In 1879 Jim McCauley lured his sweetheart onto Overhanging Rock at Glacier Point, California, and threatened to push her off if she didn’t marry him. This rather hardnosed method of popping the question worked, or so McCauley said. His German-born girl had spurned earlier marriage proposals, but this time she quickly promised “I vill, I vill, I vill.” That November the two were married, and together they operated for eighteen years the Mountain House, a two-story tourist stopover that McCauley built near the site. And ever since, that precarious perch—3,2,14 feet above Yosemite Valley—has been the scene of derring-do that would make any lady’s, or man’s, heart skip a beat.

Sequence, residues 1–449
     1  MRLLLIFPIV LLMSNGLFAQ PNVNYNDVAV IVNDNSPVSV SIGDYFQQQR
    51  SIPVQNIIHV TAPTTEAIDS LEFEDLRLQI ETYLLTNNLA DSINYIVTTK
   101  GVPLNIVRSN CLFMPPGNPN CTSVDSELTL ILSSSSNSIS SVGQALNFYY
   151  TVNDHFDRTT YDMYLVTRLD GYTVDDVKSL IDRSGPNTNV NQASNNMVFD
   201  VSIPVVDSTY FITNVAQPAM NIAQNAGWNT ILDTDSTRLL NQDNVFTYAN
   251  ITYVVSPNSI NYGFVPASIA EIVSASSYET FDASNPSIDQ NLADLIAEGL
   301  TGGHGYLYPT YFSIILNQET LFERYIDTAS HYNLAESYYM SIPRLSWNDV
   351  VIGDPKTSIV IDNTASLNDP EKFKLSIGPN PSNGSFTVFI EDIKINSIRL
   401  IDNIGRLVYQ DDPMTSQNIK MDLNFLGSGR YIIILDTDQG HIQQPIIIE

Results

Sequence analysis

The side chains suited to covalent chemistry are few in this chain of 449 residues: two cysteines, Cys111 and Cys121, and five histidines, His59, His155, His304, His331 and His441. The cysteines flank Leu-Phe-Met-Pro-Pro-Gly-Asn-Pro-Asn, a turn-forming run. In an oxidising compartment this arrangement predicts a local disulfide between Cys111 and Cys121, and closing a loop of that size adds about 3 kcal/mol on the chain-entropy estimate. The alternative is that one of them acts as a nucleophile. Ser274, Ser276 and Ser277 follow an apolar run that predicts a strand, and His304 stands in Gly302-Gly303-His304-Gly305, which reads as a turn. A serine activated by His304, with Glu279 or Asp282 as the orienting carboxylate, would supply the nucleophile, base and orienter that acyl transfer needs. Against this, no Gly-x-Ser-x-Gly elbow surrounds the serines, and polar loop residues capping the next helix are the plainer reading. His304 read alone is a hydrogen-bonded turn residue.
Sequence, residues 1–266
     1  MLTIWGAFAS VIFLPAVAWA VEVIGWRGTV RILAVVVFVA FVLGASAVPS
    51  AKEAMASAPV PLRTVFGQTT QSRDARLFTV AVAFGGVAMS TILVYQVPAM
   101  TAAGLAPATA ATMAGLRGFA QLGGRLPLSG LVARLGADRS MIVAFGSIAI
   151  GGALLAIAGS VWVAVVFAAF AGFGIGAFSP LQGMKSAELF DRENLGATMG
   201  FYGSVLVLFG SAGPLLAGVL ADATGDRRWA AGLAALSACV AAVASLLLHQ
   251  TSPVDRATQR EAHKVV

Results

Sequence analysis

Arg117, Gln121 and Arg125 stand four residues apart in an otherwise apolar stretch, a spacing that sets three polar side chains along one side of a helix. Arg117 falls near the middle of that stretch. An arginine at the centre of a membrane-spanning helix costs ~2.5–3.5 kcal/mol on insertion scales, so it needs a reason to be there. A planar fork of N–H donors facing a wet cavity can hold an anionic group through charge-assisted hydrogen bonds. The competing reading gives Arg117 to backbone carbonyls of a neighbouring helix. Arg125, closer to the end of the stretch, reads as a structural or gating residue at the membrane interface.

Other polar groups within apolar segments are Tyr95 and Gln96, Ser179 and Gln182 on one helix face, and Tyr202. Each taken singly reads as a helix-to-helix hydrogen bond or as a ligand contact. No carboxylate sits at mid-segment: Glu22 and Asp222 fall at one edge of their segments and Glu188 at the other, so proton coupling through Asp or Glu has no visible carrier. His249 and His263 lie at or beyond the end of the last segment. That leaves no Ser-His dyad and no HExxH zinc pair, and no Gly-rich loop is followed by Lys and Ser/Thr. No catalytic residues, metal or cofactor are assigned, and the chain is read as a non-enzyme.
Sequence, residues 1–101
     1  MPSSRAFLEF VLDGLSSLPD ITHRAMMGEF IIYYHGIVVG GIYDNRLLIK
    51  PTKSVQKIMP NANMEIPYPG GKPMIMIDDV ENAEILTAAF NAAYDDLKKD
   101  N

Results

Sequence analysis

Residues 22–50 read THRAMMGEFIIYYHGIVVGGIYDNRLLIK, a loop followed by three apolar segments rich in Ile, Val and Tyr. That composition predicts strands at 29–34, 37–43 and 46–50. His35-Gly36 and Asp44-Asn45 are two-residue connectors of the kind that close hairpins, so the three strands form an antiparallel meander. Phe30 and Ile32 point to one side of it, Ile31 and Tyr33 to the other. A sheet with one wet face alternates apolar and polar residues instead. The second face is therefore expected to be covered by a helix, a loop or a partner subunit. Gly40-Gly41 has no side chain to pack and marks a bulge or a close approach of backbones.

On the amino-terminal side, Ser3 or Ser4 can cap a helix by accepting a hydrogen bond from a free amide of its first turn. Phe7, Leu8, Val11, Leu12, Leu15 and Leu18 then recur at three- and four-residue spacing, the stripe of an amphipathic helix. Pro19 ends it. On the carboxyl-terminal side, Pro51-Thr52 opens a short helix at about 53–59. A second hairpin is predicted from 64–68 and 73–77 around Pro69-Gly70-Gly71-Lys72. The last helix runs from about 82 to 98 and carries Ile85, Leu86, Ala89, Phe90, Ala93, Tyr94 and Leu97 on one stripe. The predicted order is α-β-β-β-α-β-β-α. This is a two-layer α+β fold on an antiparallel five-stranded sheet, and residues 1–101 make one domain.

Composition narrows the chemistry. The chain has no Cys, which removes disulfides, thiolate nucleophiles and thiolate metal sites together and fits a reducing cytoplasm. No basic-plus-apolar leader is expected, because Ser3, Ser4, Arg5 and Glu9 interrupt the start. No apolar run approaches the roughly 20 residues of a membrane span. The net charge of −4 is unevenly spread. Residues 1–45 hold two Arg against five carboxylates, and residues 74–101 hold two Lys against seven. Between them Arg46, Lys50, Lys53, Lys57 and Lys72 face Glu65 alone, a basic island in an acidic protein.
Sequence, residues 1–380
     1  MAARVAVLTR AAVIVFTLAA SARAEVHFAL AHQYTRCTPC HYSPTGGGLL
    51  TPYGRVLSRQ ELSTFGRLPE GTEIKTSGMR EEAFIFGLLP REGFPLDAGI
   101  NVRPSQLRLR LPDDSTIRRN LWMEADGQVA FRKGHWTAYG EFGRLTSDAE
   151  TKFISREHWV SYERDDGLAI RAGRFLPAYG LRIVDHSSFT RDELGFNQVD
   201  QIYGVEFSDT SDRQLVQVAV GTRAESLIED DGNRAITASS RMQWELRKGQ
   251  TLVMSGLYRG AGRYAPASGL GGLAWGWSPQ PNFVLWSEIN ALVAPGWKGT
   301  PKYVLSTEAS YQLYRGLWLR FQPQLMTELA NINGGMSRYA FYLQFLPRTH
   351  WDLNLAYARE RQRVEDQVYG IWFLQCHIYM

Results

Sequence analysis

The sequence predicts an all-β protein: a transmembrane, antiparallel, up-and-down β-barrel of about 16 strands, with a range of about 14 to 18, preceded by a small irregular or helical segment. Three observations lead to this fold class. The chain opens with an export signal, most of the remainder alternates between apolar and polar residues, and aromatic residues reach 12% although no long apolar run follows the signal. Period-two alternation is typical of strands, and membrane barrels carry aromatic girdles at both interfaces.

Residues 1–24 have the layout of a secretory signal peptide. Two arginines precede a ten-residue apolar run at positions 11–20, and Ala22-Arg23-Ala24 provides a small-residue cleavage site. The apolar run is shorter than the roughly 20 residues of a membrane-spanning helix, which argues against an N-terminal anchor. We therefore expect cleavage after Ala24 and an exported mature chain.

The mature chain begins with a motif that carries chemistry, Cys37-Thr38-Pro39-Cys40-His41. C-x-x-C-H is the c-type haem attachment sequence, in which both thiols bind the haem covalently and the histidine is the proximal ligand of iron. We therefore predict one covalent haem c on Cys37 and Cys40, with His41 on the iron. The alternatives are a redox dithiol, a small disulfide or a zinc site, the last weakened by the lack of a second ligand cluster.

McCauley was no stranger to Yosemite. As a guide he engineered the Four-Mile Trail from the valley floor up to the Point in 1871 and then concocted spectacular fireworks by pushing campfire embers off” the ledge at night, a bit of showmanship that was continued for nearly a century. The first visitors to his makeshift hotel—its rooms were partitioned by drop cloths—came by foot or on horse or mule. Either way the jaunt was for the most hardy outdoor types. The valley was first viewed in 1849 and explored two years later, but though its natural wonders were rapidly and widely publicized, only fifty-two rugged individualists hazarded the journey in 1855. It wasn’t until 1874, when a stagecoach line began operations, that any semblance of popular tourism was discernible. By 1885 more than twenty-five hundred persons visited the park annually, and after the first auto made it to the top of Glacier Point in 1900 (see opposite), the number picked up appreciably, to thirteen thousand in 1910, five hundred thousand in 1941, nearly a million in 1955, and now more than two million tourists each year. Among the visitors have been Presidents and former Presidents, kings and queens, writers and artists, and people as diverse as suffragette Susan B. Anthony and showman P. T. Barnum. Iron railings now guard amateur daredevils on Overhanging Rock, but as the photographs here—from the collection of Yosemite authority Shirley Sargent—indicate, the stunts of bygone tourists were an exciting finale to a long trip.